Stevens and Johnson1 in 1922 reported two cases of "A New Eruptive Fever Associated with Stomatitis and Ophthalmia" in children. They could find no description of a similar cutaneous eruption and thought that no known diagnosis could be made from the symptoms and course of the disease. The eruption was generalized and presented well defined characteristics. It was first noted on the back of the neck and chest, and spread to the face, arms and legs during a period of eighteen days. When they first appeared the lesions were dark red, oval macules, varying from 0.5 to 2 cm. in the longest diameter and were without areolae. Within a few days these macules became papular and brownish purple. Some of the larger lesions acquired yellow, dry, necrotic centers. Vesicles and pustules were absent. Subjective symptoms of pain or itching were strikingly absent.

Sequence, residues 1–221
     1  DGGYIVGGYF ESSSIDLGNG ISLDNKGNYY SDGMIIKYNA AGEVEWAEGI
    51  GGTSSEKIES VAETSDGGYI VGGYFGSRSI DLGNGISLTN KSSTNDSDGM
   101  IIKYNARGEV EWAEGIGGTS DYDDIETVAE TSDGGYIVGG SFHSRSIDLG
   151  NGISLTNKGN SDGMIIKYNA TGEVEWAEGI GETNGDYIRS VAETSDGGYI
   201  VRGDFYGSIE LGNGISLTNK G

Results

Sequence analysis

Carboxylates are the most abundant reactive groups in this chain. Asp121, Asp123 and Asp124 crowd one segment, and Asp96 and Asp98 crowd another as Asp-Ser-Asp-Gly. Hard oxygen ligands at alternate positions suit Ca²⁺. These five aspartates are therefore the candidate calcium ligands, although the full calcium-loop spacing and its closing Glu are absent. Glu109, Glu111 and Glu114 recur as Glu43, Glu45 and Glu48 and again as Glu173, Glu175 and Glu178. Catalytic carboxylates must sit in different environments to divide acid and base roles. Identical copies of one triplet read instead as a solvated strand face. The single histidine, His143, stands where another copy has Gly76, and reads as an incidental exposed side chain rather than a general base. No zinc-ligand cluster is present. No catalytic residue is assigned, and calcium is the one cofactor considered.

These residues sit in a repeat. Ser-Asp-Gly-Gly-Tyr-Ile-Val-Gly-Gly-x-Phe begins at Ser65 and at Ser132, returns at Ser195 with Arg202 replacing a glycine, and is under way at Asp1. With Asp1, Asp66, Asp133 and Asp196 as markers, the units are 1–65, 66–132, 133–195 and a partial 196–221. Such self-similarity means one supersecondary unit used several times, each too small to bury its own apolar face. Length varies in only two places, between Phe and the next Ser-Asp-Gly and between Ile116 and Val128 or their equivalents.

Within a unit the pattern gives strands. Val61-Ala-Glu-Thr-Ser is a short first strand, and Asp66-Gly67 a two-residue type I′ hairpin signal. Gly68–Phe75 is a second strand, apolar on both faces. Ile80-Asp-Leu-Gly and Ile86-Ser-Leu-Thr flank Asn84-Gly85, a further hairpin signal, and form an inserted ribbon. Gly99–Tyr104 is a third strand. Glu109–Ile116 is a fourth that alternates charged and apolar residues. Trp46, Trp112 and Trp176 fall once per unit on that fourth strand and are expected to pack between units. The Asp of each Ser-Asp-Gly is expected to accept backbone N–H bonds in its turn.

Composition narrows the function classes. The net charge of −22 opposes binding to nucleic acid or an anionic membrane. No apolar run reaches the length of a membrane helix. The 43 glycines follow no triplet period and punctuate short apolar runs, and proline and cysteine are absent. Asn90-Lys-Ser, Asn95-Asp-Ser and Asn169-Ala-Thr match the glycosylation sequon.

There were no lesions on the scalp,
GINANDES GJ. ERUPTIVE FEVER WITH STOMATITIS AND OPHTHALMIA: ATYPICAL ERYTHEMA EXUDATIVUM MULTIFORME (STEVENS-JOHNSON). Am J Dis Child. 1935;49(5):1148–1160. doi:10.1001/archpedi.1935.01970050046003
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